Although great strides have been made, women and their newborns are still dying in childbirth at unacceptably high rates all over the world. I have seen firsthand the immense suffering within families and communities when these needless deaths occur. These deaths happen to otherwise healthy women, a tragedy impacting women, families and their communities. When mothers die in childbirth, the infants too have a greater likelihood of dying. At times, their babies are delivered stillborn, causing immense family grief.
To help solve this problem, the World Health Organization has just launched the revised Safe Childbirth Checklist and an accompanying Implementation Guide for public download and dissemination. Until now, there was limited access to this tool as it was being piloted and adapted by 34 groups in 29 countries. The idea for the Safe Childbirth Checklist emerged from the success of the WHO’s Safe Surgery Checklist, which is now the WHO global standard of care and has been shown to reduce surgical complications and death by 18 to 47 percent.
In coordination with the World Health Organization, Ariadne Labs is championing this new approach. Checklists have proven an invaluable tool in numerous high-risk industries such as airlines and construction. Every time you fly on an airplane, checklists are used to ensure that the basic, standard and essential practices are completed. The high-rises that fill our cities are built using checklists that ensure essential standards and steps are followed, in the right sequence.
Over the years, many strategies have been deployed to prevent the death of laboring women and their newborns – and many have worked. Most interventions have focused on enhancing women’s access to health care facilities that can provide a skilled birth attendant. This approach has improved access to care, but that alone has not solved the problem. While maternal and neonatal death rates have dropped, we still have work to do. We now understand that the quality of care provided during childbirth is not meeting basic standard practices.
The WHO Safe Childbirth Checklist (SCC) includes basic standard practices and reflects the same principles as the Safe Surgery Checklist. It ensures clinicians do what we already know works best. The SCC includes 28 essential childbirth practices such as assessing maternal temperature and blood pressure, providing oxytocin within one minute of delivery and putting the mother and infant skin-to-skin (chest-to-chest) after delivery. The practices are grouped into four pause points during the birthing process—admission, just before pushing (or c-section), within one hour of delivery and discharge—and can make a significant impact on quality of care.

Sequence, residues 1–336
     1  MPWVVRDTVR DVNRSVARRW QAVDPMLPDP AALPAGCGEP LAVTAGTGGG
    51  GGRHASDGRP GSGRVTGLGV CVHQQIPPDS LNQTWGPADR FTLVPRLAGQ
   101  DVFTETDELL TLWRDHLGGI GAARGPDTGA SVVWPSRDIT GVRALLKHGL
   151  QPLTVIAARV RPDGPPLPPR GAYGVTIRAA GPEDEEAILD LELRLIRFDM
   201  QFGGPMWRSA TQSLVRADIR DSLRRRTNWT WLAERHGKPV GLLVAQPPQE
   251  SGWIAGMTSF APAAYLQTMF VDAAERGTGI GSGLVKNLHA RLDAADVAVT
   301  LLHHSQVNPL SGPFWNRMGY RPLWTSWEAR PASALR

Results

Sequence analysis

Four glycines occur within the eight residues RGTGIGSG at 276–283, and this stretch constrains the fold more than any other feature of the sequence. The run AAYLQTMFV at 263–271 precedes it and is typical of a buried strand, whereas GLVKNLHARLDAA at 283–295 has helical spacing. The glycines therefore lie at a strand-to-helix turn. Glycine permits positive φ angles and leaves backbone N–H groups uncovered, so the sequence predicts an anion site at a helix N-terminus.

I believe the strength of a checklist lies in its simplicity. The Safe Childbirth Checklist does not require expensive technology or much additional time to implement. It does, however, require commitment from birth attendants and facility leadership to use the checklist with each and every laboring woman.
Our testing of the Safe Childbirth Checklist has shown us that it makes a difference. Specifically the checklist helps clinicans
- focus on the basic care that every woman and newborn should receive,
- organize the labor and delivery room with appropriate supplies,
- streamline basic practices, and
- highlight critical life-saving basic practices.
Like any public health intervention, a checklist cannot be airlifted in to a childbirth facility and dropped off. “Culture eats strategy for breakfast,” said Peter Drucker, and I agree. In essence, a checklist has to make sense and be achievable in the facility where it is introduced. Adaptation of the Safe Childbirth Checklist is essential to ensure that it can be used easily and effectively.
As part of the accompanying Safe Childbirth Checklist Implementation Guide, we, along with our partners at Population Services International, identified a strategy that has been effective in introducing and adapting the checklist. Engaging facility staff and leadership, launching the checklist and supporting its use over time are critical steps to ensuring successful and sustainable use of the checklist.
The process starts with a commitment. Then, through consistent use, the checklist can create profound, lasting and systemic behavior change and a cultural shift in a health facility. It is hard work: Implementing simple tools is not easy. Creating this kind of change requires buy-in and acceptance and a willingness to listen, test, adapt and follow the checklist consistently.
We have the continued opportunity and moral obligation to reduce and even stop maternal and neonatal deaths, especially since most deaths that occur within the first 24 hours of childbirth are preventable. From country to country, the reasons why 300,000 women and 2.7 million babies die every year—often hemorrhage, obstructed labor, infections and neonatal asphyxia— are consistent and well-documented. These are problems that we can solve, whether they occur in India, the United States, or Namibia.
I am hopeful that we can save the lives of more and more women and their newborns through a focus on improving the quality of care. The Safe Childbirth Checklist makes clear the essential practices for every woman and newborn. The systemic change we seek starts with one health facility, one birth attendant and one laboring mother and her infant at a time.